Lakshmana again proclaims his identity as Sita’s younger brother-in-law, and urges her kindly to wake up from sleep. This is a message that he has understood her anger and that he does not mind the words spoken in sleep, and he does not hold them against her.
Lakshmana keeps on talking to his wife to convince her of his love. He says he cannot live any longer if she does not accept him; he has not eaten or slept since he left her, (which is true) – the kind of words women would love to hear from their husbands.
Finally when a crying Lakshmana takes his sword and is ready to kill himself, Urmila startles awake, recognizes Lakshmana – and falls on his feet, like a proper wife is expected to do. He picks her up and wipes her tears. Urmila still voices her grievance, this time politely, like a proper wife, but in an accusing tone all the same:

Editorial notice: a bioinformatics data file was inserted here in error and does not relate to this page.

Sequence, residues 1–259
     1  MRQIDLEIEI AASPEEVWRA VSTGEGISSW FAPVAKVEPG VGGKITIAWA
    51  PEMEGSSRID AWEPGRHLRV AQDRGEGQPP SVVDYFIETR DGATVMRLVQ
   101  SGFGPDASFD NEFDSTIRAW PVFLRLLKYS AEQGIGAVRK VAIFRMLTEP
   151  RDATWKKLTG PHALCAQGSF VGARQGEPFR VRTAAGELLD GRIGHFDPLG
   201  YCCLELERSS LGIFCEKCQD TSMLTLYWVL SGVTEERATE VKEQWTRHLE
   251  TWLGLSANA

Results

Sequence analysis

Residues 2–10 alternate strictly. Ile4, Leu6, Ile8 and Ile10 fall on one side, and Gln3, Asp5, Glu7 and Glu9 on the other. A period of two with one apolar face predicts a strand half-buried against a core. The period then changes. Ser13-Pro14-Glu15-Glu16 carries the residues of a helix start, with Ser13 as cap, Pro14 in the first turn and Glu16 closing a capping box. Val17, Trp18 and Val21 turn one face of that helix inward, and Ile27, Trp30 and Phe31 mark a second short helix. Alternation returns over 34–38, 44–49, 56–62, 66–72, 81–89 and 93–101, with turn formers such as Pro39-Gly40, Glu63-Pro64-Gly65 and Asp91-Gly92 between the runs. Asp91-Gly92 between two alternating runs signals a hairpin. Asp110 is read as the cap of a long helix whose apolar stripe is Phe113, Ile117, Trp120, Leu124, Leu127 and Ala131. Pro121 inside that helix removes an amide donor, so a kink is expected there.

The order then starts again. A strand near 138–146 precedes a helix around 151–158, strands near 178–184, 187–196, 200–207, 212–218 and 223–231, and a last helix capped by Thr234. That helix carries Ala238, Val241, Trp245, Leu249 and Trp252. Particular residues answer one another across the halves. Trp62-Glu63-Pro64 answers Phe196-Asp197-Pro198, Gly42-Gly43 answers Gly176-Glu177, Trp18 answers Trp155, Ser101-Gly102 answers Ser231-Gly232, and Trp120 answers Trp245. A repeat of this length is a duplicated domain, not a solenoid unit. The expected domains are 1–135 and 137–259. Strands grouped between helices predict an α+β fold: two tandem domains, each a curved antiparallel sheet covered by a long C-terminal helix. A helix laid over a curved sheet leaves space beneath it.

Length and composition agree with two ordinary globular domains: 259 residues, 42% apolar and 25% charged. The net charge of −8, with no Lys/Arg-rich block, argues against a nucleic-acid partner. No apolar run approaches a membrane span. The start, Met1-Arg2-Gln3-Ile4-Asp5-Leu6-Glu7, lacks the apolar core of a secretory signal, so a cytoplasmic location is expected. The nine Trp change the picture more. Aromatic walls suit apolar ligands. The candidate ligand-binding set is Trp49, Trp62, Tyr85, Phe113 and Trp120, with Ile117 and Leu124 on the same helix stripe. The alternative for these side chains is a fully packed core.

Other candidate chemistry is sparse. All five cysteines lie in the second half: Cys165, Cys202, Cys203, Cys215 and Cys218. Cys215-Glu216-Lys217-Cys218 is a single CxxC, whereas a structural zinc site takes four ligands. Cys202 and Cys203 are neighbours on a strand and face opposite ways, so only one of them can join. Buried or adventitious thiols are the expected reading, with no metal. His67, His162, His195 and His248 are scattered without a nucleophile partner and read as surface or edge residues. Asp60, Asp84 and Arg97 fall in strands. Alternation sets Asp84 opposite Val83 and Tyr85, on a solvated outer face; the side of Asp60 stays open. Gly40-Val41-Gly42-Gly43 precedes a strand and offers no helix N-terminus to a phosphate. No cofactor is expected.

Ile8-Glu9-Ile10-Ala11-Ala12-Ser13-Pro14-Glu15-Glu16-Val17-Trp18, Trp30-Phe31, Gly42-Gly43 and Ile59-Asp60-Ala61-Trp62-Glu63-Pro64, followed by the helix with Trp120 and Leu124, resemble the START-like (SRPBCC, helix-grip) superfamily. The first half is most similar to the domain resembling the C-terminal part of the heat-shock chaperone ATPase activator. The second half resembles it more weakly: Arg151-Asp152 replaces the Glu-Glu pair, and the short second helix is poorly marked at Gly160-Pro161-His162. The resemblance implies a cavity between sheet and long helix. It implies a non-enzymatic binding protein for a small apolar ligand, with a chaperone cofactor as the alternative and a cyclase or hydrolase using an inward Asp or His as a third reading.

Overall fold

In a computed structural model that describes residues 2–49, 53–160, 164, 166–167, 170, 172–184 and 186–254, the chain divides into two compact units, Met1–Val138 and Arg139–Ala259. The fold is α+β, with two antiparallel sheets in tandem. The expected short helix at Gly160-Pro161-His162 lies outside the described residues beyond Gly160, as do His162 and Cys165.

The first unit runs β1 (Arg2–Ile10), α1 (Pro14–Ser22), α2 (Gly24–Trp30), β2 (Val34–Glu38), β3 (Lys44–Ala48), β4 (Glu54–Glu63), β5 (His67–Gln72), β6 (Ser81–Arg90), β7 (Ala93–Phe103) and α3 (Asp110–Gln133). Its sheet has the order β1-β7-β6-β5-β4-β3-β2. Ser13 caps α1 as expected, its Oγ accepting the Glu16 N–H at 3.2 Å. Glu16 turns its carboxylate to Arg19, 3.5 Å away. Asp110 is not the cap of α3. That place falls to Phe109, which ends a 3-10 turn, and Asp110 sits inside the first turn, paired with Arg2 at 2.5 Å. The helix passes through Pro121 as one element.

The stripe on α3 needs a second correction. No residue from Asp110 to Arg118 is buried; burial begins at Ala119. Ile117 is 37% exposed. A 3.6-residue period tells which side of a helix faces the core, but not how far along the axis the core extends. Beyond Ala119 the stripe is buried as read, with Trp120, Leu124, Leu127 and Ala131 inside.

“My father was naive in giving me to you,” she said. “He didn’t know the truth. He thought you were a proud man and was blissfully happy for you. But in fact, you have your mind elsewhere, you belittle your own wife.”
A strong indictment indeed. Lakshmana is accused of being a weak husband, incapable of protecting his honour, and furthermore, he does not even love his wife. He cares more for his elder brother and his wife, and does not have any qualms about humiliating his own wife.